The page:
Immediately following a ransomware incident, the IT or cybersecurity team must identify the root cause and then contain the attack.

Containment includes ensuring that the malware doesn’t spread. “Ransomware must be contained before eradication and recovery, or there is a risk of having restored information contaminated,” Young says.

That includes figuring out the method of attack, says Bruce Young, leader of cybersecurity operations and control management at Harrisburg University of Science and Technology. “Was it by a clicked link in a phishing email, a drive-by pop-up for a user to update their Adobe software, or a bad actor exploiting a vulnerability providing access to internal resources?”

Vulnerabilities which allowed the breach must be fixed so they are not reused.

As part of the recovery, compromised or encrypted data must be restored and verified in an environment known to be free from ransomware. “Verification includes ensuring that the backup copies of the data are not contaminated.”

3. Contact law enforcement and legal representatives.

An organization dealing with an attack should be in contact with law enforcement, such as the FBI’s Internet Crime Complaint Center (IC3) and the regional FBI office.

The FBI primarily collects information about the incident, but they can offer some level of guidance. They may offer advice about communications with the attackers and may know how to help determine the identity and location of the cybercriminals.

Businesses will want to involve their in-house lawyers, if they have them, and engage external data breach counsel. They can help assess the situation as well as additional vendors such as crisis communications providers and ransom negotiators under attorney-client privilege. They will also offer compliance checks and other due diligence if a ransomware payment is made.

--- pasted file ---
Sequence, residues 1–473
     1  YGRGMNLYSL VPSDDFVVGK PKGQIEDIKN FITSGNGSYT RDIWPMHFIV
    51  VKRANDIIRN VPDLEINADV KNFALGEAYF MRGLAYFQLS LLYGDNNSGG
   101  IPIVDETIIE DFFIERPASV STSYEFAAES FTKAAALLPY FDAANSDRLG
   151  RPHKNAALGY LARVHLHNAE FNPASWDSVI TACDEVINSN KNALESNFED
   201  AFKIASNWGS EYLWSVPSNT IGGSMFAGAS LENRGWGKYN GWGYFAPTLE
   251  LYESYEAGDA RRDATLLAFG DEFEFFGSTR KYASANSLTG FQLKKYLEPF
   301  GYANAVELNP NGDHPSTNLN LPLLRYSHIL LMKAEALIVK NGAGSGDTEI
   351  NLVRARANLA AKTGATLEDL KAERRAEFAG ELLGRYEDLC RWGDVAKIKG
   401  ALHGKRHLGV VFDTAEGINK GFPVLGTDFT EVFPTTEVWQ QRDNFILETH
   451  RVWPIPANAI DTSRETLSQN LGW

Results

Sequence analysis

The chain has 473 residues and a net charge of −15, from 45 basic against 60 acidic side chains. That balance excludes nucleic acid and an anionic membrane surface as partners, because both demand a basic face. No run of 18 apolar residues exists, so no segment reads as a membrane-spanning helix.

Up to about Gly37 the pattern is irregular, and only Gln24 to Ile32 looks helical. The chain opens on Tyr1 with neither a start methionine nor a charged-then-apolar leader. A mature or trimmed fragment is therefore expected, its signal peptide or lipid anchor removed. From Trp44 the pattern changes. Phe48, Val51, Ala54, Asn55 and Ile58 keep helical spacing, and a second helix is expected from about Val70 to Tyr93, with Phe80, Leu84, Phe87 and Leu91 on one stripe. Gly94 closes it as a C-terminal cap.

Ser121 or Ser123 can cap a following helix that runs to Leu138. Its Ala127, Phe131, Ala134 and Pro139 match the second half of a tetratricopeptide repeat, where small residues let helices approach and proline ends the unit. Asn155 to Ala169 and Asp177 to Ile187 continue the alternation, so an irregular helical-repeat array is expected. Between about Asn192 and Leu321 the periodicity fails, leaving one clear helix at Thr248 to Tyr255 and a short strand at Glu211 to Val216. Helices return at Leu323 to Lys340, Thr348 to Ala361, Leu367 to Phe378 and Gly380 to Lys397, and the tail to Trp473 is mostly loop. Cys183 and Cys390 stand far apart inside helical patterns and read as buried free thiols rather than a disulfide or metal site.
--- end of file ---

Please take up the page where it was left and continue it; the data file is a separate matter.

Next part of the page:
4. Decide whether to pay the ransom.

So, do you pay the ransom?

“Whether the ransom should be paid depends on the organization’s ability to recover from the impact of a ransomware attack,” says Harrisburg University’s Young.

“Ultimately, the executive management team, including the CFO, may determine the risk is high that systems and information cannot be recovered in an appropriate timeframe. Therefore they may decide to pay the ransom,” Young says.

But he says that if an organization has planned and implemented the necessary security measures to detect, prevent, and recover from ransomware attacks, paying the ransom should be avoided.

That advice, of course, does not include the decision of whether to pay a ransom if data has been exfiltrated.

5. Communicate news of the attack to other parties.

Victims of ransomware attacks may be obligated to inform interested parties and stakeholders. These include employees, customers, business partners, insurance companies, corporate legal representatives, members of the media, and the public.